Friday, 24 October 2014 14:01

From Radio to the Stage: Roy Wood Jr.'s Journey to Stand-Up

Written by  Josh Spanninga
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Roy Wood Jr. Roy Wood Jr.

Roy Wood Jr.
Dr. Grins, Grand Rapids
Nov. 20-22, show times at 5:30, 8, 9 and 10:30 p.m.
$10-$20
thebob.com, (616) 356-2000
 

Most of the biggest comics out there are used to doing early morning on-air interviews on radio shows every once in a while. Comedian Roy Wood Jr., however, has been on both sides of the mic; not only as the interviewee, but also as radio host. Upon graduating from Florida A&M University with a degree in broadcast journalism, Wood set out for a career in radio, which he thought would be a perfect supplement to his dreams of performing stand-up. What Wood discovered in his years as a radio host surprised him.

I thought radio was going to help my comedy,” Woods said. “I guess in a sense it did, but radio didn't make me funnier. I feel like radio gave me the opportunity to understand how other people see the world, through the callers and interacting with the listeners. When you start understanding and seeing how other people see things, you can better analyze stuff.”

For years, Wood balanced his stand-up career with his job as a radio host, performing prank calls and appearing on various morning shows. While Wood still dabbles in radio a bit, it's easy to see his stand-up career has eclipsed his desire to be heard on the airwaves.

Then, in 2012, Wood got the offer to appear on the TBS sitcom "Sullivan and Son" in a recurring role as a character named, well, Roy. While he's thrilled to be on the show, at the end of the day Woods says every project he takes on is a way to further his stand-up.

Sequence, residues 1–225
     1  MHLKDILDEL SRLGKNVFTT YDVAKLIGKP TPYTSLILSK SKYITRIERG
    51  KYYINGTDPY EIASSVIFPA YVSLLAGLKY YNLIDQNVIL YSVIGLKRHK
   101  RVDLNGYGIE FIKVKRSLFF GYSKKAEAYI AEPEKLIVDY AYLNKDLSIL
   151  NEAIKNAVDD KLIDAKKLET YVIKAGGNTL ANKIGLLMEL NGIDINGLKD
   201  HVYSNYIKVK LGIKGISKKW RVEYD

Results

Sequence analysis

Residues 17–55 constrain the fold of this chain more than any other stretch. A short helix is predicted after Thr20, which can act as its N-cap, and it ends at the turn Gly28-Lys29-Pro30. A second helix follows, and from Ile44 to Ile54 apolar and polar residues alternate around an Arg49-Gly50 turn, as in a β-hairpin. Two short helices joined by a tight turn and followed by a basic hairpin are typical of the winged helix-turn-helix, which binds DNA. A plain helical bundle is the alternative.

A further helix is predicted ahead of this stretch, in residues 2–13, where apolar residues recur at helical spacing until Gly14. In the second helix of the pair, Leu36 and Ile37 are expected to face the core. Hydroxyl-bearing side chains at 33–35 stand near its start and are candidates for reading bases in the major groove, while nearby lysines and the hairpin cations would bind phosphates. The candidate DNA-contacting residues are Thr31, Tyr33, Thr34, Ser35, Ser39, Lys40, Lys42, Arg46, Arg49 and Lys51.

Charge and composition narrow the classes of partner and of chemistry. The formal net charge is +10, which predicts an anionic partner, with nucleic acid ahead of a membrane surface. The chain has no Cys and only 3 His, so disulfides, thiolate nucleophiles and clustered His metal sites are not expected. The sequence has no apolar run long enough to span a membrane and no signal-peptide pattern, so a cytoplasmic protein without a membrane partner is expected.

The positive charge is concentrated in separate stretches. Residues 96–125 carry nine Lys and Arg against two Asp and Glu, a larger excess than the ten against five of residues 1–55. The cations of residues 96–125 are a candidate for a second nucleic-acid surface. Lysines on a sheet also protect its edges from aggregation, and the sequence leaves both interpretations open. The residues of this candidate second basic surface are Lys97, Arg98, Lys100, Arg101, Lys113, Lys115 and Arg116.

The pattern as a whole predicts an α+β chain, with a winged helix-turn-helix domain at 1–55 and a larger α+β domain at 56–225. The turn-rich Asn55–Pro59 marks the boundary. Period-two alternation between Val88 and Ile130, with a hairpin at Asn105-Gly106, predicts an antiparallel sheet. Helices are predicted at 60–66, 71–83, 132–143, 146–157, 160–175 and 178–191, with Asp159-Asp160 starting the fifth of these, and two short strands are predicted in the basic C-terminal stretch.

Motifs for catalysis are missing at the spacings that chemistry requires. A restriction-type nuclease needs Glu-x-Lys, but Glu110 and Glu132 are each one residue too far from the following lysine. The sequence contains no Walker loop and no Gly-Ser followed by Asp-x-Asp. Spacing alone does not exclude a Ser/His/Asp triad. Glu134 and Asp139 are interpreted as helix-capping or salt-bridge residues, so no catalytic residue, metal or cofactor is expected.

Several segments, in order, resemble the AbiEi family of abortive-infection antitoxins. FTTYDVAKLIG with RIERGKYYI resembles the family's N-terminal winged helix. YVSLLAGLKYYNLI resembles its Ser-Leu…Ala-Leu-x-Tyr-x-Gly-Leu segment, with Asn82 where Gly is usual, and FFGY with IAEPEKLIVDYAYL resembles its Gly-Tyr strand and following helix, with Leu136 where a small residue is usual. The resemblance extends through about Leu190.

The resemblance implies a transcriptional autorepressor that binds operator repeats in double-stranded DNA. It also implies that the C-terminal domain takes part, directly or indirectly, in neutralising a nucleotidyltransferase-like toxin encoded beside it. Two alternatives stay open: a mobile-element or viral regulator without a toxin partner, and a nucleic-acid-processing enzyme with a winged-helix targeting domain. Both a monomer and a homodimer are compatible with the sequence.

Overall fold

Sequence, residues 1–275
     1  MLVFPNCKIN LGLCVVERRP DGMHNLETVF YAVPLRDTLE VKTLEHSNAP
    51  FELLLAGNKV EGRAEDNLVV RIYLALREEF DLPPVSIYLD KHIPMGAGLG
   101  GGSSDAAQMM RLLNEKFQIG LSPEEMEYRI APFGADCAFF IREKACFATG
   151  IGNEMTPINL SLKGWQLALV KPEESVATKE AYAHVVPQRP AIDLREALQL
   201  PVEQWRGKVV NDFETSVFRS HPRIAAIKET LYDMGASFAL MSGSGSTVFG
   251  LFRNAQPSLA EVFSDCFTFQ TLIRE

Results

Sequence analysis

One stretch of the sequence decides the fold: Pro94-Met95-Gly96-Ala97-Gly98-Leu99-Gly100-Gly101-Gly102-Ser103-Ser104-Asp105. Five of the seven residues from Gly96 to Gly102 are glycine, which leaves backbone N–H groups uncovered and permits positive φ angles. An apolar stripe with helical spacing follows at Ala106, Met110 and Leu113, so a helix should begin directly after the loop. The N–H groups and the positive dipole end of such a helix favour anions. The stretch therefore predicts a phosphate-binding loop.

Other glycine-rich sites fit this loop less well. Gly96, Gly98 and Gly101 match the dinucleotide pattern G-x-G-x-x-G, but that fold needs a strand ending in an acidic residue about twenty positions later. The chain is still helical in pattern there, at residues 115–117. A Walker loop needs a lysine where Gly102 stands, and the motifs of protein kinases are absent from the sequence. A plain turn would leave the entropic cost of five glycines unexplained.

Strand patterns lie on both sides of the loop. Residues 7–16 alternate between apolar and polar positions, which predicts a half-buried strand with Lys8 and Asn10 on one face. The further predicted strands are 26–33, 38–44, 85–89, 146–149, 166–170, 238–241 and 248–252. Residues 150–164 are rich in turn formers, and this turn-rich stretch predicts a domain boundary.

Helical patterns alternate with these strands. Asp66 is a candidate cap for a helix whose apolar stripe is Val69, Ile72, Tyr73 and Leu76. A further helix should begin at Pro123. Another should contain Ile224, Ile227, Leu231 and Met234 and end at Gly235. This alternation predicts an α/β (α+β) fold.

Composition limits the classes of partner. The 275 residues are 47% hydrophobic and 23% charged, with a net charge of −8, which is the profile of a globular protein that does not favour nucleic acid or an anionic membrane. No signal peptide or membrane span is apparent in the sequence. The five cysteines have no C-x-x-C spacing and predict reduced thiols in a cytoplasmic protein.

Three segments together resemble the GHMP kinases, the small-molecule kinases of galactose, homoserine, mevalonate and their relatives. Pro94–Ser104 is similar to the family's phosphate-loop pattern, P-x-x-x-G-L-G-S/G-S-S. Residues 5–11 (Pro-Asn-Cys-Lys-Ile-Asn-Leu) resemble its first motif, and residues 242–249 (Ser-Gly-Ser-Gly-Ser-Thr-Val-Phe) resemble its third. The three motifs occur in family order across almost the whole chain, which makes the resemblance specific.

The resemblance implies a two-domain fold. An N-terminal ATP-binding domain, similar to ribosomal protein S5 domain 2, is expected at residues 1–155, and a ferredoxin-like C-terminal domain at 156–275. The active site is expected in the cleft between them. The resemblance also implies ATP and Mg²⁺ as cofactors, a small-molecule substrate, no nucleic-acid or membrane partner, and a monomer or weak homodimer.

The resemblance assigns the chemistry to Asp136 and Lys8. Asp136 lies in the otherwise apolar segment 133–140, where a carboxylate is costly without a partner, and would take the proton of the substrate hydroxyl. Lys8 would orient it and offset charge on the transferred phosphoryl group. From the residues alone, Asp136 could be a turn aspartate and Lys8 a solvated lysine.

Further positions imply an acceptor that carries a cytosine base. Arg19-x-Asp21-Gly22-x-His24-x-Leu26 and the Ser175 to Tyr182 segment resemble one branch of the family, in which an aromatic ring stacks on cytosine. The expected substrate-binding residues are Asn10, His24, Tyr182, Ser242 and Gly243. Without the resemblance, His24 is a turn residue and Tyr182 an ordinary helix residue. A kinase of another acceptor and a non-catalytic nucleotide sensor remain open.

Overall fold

As a stand-up comic, you want to challenge yourself in other facets of entertainment,” Wood said. “So being funny, plus being an actor, helps to bring more people to your stand-up.”

Of course, working on all of these projects, from "Sullivan and Son" to his “Guaranteed Ass Whoopins” video series, takes a lot of time, which Wood could normally use to write new material. Still, he isn't in any mood to turn down any opportunities.

For me, now is the time to work harder,” Wood said. “Now is the time to work all night, getting something done instead of slacking back, because none of this is permanent, and this comedian that you may have liked five, 10 years ago, nobody's heard much from them lately.”

There's no way Wood is ready to fade out of the scene anytime soon. If you missed him in August when the "Sullivan and Son" tour stopped at Dr. Grins, don't worry – he'll be back in Grand Rapids on Nov. 20-22 in support of his own tour.

With more than a decade of experience under his belt, Wood has a stand-up philosophy of his own, one that helps him deliver the laughs.

I feel like the best comedy is constructed with the purpose of telling the audience one of two things: Who are you as a person or how do you feel about something in the world,” Wood said. “For me, that is the foundation of good comedy material.”

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